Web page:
“Air travel is a leveler even without a hijack,” said Smith, the director. “When you step onto an airplane, you might be turning left as Sam does into first class. But ultimately, you’re all in a metal tube defying physics. All each of you has got to go on is your perceptions of what that person next to you is or does based on what they look like.”

A series like “Hijack” necessarily plays differently now than it would have before 9/11, which forever changed the way we think about the possible outcomes when a plane is seized in midair. When the possibility of a passenger revolt emerges, it is hard not to think of “United 93,” the 2006 film about the passengers of one of the 9/11 flights, who took matters into their own hands.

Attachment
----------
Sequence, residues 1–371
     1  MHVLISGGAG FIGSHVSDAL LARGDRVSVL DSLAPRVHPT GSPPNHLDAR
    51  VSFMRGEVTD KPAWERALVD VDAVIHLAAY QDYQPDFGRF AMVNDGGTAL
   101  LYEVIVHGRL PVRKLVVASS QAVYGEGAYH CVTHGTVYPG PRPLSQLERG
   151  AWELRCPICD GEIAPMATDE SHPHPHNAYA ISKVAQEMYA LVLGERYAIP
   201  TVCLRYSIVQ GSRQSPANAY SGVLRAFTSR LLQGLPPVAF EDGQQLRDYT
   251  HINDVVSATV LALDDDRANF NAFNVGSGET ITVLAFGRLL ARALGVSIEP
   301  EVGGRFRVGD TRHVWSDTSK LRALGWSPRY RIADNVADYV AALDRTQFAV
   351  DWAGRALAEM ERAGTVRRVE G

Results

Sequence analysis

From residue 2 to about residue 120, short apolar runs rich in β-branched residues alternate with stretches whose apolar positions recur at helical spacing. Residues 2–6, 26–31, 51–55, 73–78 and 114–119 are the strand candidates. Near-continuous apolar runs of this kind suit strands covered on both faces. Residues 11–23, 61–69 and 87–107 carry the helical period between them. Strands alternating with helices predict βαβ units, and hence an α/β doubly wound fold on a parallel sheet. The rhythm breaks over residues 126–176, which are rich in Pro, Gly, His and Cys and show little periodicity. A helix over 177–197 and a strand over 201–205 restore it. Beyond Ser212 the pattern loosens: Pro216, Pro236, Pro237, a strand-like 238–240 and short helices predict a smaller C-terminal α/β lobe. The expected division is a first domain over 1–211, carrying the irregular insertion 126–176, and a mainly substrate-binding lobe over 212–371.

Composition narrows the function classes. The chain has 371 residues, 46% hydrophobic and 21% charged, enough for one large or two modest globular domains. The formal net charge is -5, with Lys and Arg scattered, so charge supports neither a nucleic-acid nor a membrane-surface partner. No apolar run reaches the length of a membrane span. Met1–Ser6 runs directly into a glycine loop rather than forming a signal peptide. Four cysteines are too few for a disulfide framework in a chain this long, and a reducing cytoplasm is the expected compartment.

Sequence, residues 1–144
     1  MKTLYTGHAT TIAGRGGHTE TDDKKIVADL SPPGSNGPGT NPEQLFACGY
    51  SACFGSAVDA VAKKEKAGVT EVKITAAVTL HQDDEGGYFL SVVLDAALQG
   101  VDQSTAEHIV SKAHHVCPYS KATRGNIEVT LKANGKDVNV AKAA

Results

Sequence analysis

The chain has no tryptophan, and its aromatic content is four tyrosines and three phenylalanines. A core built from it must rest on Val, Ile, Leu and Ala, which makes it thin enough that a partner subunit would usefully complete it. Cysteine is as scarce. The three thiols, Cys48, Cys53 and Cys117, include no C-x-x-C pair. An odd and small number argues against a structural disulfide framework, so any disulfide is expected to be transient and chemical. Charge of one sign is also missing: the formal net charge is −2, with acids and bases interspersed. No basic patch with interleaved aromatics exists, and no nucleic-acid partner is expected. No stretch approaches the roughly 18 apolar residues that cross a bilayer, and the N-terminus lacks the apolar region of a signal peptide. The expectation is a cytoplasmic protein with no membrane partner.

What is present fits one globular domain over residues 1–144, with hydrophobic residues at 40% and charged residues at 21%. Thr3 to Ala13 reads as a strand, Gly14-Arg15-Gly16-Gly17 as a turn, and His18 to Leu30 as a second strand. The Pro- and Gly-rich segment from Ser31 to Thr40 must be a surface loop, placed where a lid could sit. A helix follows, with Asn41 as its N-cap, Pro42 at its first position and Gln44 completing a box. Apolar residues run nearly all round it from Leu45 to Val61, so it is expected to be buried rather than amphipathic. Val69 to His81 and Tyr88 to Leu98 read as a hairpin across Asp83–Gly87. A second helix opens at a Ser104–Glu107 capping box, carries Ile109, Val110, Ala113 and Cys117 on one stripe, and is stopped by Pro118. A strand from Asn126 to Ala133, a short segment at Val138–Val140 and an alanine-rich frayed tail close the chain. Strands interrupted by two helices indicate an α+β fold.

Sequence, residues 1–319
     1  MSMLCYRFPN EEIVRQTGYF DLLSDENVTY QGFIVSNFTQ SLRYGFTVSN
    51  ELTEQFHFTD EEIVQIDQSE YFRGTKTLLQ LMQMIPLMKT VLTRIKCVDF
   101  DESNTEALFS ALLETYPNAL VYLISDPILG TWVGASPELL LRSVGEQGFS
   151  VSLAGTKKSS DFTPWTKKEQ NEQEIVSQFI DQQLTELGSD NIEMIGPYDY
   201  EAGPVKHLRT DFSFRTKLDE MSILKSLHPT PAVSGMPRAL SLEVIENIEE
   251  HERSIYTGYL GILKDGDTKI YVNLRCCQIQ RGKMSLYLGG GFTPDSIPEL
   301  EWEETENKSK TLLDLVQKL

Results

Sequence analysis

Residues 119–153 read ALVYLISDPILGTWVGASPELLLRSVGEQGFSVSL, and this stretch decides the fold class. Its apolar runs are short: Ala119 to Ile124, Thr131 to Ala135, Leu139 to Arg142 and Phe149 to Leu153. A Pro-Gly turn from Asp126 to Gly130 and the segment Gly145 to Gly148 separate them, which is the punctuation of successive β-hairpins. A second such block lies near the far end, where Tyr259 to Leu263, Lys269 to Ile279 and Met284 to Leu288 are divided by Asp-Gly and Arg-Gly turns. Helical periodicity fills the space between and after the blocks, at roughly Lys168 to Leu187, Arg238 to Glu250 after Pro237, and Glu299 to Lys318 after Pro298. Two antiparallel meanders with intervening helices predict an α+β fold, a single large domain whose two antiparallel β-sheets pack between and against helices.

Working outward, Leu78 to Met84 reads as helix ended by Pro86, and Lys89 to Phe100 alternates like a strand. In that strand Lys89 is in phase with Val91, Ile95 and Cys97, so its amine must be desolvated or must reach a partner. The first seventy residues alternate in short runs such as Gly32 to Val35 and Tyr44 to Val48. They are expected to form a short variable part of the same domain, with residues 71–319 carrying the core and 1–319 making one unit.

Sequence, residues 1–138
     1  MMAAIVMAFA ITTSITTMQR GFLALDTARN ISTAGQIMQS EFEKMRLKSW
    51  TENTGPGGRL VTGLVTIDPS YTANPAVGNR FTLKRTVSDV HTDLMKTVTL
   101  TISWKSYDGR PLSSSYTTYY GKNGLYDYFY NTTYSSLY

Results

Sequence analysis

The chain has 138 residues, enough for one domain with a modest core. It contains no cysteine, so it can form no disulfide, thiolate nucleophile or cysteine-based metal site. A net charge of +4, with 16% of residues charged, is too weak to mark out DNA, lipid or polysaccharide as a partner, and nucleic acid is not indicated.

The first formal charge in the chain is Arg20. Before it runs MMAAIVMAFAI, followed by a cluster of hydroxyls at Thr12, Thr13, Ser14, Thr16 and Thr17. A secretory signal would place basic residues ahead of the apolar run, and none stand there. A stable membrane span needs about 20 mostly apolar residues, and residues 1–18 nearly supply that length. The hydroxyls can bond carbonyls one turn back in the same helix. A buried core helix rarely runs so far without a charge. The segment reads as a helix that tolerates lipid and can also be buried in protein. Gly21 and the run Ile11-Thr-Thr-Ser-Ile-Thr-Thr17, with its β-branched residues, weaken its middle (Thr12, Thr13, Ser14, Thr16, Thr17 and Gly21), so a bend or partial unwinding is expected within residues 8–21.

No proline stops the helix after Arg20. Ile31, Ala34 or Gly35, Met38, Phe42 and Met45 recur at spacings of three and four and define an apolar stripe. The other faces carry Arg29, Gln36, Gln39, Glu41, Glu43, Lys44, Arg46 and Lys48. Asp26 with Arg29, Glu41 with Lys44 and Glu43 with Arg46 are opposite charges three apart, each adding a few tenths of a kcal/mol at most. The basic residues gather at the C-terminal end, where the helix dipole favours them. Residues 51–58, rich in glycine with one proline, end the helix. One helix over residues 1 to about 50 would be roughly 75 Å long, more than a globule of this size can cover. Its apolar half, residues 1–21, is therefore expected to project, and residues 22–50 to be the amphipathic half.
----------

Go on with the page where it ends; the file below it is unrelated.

The series acknowledges these viewer expectations but subverts them from the start. The hijackers are all English; one of them is a woman. When one starts barking orders in Arabic, Sam quickly deduces that he is merely trying to communicate with passengers on a plane that just took off from Dubai. The question of what the hijackers want lingers well into the series, though their concerns appear more avaricious than ideological.

Elba is aware of where viewers’ minds will likely go.

“There’s no way post-9/11 that anyone can make any sort of drama on a flight or on a plane that doesn’t evoke our emotional memory around that time and how the world has changed since, and certainly the world of aviation,” he said. “But the series also bolsters the idea that thrillers are thrillers. Whether it takes place in a church or a bank, it’s about humans, at the end of the day. It’s about our handling of situations.”